Making sure that care home residents eat nutritionally balanced, healthy, tasty meals is paramount to safeguarding their care and wellbeing. After all, “we are what we eat” and our state of health depends a lot on the type, quality and amount of food and drink we consume. Some people need to pay more attention to what they eat than others, for example those with allergies, issues with weight gain or loss and cultural or religious limitations placed on their diet. Others may need temporary changes to their meals after an operation, illness or injury. Or adjustments to compensate for medications, monitoring or treatments they are on.
All of this can make for complicated meal and nutrition planning, which takes up a lot of time if it is not properly organised. Person-led care is big news right now and this also includes making sure that individuals can have access to the right kind of food for their nutritional needs and personal preferences. Then, there is the need to plan for seasonal changes and themed meals for festivals and events.
That’s where Care Vision’s Chef Module comes in. Using personalised data and expert nutritional guidelines, it supports the catering and meal planning teams to create customised meal plans. The system can also draw up ingredient lists to ensure that supplies can be procured when required, in the correct quantities to reduce wastage, cut costs and help with future planning.
What else can the Chef Module do?
As well as meal planning and nutritional advice, the Chef Module offers catering teams options to design and print menus with customisable descriptions and photos. Details of ingredients’ nutritional contents can also be accessed, including salt levels and fat contents. Carers can also use the tool to help track residents’ weight, food and fluid intake and BMI scores. This provides valuable data around general wellbeing and food choices.
Residents’ personal data can include allergies and intolerances to prevent health issues arising, while information around sleep, mood and medications can be aligned with nutritional reports for a wider picture of a resident’s state of health. Finally, the module shares important information around food hygiene tips, fridge temperature checks and messages from other departments.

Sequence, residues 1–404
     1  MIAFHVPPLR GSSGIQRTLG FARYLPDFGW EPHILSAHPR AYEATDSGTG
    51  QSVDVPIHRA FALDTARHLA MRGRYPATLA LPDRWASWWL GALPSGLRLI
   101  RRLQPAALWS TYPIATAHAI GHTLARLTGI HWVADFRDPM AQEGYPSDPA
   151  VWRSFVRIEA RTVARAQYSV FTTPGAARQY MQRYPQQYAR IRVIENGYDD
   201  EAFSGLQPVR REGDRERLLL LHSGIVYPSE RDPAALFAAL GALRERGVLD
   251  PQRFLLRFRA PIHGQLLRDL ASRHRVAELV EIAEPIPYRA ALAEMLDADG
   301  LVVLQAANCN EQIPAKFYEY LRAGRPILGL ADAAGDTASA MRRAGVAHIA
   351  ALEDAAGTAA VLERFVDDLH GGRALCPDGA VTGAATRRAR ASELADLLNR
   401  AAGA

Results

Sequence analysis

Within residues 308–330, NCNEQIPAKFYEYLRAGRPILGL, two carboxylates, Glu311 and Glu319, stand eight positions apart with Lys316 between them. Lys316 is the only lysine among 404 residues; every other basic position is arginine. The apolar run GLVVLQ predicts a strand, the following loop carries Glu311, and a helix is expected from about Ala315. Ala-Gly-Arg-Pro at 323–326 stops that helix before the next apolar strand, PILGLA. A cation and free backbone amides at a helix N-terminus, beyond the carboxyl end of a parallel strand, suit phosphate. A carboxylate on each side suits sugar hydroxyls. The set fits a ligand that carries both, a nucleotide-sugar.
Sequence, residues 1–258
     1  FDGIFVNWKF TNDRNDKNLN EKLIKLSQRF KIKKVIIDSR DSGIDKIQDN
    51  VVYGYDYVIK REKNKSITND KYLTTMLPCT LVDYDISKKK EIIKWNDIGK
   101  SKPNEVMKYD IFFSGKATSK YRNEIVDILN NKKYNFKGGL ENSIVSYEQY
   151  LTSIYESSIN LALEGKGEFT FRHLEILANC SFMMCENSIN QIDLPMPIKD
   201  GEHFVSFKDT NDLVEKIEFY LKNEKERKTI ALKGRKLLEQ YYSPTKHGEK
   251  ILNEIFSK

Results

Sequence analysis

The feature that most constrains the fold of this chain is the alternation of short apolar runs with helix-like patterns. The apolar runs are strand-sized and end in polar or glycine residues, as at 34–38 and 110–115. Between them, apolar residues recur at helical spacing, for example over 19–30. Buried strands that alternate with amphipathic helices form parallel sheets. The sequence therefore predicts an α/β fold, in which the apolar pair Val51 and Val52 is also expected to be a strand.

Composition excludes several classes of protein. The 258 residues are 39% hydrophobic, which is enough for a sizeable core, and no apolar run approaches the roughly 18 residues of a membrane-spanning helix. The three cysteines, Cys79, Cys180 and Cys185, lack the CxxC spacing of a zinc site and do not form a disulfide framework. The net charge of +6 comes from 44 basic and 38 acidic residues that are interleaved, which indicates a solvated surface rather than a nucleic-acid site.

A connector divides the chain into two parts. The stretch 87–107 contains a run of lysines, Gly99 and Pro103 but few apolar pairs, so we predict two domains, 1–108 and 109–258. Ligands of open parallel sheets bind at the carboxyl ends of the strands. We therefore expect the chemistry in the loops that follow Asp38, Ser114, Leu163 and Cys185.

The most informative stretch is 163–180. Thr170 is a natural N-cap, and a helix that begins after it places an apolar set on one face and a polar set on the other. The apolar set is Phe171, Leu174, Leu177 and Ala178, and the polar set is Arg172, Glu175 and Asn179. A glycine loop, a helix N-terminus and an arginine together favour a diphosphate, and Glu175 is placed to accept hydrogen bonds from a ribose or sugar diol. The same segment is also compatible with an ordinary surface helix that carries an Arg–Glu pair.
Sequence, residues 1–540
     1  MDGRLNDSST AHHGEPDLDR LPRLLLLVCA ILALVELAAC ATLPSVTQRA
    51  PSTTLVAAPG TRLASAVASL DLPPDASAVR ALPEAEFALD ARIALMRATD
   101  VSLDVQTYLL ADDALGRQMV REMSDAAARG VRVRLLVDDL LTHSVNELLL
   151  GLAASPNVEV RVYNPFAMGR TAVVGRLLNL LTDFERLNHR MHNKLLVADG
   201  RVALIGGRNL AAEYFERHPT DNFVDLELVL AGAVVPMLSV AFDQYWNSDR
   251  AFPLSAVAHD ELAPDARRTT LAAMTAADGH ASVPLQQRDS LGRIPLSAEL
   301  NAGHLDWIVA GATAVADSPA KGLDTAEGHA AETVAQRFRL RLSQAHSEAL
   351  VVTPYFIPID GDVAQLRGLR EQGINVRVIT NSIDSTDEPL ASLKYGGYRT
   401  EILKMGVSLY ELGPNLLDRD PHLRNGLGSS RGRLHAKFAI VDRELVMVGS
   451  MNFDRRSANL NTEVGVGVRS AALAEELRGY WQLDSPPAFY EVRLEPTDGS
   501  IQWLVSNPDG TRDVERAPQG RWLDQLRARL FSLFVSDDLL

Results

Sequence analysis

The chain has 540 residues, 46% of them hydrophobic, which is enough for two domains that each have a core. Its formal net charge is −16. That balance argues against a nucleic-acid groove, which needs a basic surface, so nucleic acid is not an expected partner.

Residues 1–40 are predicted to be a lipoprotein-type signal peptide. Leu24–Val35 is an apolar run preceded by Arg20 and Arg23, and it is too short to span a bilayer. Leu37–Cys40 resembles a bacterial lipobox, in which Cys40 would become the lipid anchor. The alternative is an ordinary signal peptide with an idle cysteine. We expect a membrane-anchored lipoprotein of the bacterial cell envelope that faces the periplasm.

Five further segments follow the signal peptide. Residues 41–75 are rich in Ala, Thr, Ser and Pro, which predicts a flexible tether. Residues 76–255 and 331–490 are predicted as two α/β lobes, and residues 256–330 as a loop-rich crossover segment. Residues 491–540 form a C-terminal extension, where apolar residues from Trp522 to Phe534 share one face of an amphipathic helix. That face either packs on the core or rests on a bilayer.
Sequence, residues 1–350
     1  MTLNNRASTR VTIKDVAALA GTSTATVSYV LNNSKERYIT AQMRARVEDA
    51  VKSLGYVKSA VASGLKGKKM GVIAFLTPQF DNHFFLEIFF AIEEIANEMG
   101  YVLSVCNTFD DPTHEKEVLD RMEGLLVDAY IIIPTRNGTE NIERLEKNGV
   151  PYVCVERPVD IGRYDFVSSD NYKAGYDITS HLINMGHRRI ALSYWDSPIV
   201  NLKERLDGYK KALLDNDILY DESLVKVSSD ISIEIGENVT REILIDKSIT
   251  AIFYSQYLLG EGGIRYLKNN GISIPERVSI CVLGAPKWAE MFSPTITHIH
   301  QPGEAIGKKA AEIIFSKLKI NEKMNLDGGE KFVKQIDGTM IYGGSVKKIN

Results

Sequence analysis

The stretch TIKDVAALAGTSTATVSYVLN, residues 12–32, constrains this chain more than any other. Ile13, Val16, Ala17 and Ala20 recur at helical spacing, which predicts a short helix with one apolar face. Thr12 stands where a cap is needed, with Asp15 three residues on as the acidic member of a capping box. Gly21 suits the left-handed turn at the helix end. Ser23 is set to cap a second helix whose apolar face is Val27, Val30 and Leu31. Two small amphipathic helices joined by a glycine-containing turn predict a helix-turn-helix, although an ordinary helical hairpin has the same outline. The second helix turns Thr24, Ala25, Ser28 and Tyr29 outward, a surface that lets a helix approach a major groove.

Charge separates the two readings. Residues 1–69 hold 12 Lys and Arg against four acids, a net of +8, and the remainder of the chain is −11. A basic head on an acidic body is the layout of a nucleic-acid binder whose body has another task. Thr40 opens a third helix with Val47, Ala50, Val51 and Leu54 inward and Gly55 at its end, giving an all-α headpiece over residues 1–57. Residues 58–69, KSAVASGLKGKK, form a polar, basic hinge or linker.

Helping residents eat well during Winter
It is especially essential that older people and those requiring residential care eat well during the colder winter months. This is because the colder temperatures mean that their bodies must work harder to stay warm and so require additional fuel. This doesn’t mean consuming more empty calories. In fact, older people are advised to reduce the amount of sugary and fatty snacks that they eat. As we age, we tend to do less exercise compared to our younger years and so have fewer opportunities to burn off any excess calories.
Instead, make sure your residents eat plenty foods rich in minerals and vitamins to help support their immune system and overall health. Some key minerals and vitamins include calcium to strengthen bones and reduce the risk of fractures and osteoporosis. This is found in dairy products, leafy vegetables and canned fish such as sardines. In colder weather, a mug of warm milk can also be very comforting just before bed.
Iron is also key for health during the winter and found in red meat, pulses, eggs, bread and green vegetables. Vitamin C also helps to absorb iron, so it’s vital in the winter months. It also helps shore up the body’s immune system against attack from colds and is found in citrus fruits, peppers, potatoes and tomatoes. Another key vitamin is Vitamin D for healthy bones, teeth and muscles. We get much of our Vitamin D intake from sunlight, so it might be worth investigating providing some Vitamin D supplements to vulnerable residents during the winter months when there is less sun and fewer opportunities to venture outdoors.
Finally, encourage your residents to eat by offering opportunities throughout the day. Some people like to eat little and often, rather than relying on three heavier meals per day. So, make the most of elevenses, tea time and bed time drinks to encourage people to take in a comforting hot drink or light snack to keep their energy levels up. If you have concerns about a resident’s food or fluid intake during the winter, use the monitoring tools on Care Vision to keep track of what they are eating and drinking in a day, week or longer period of time.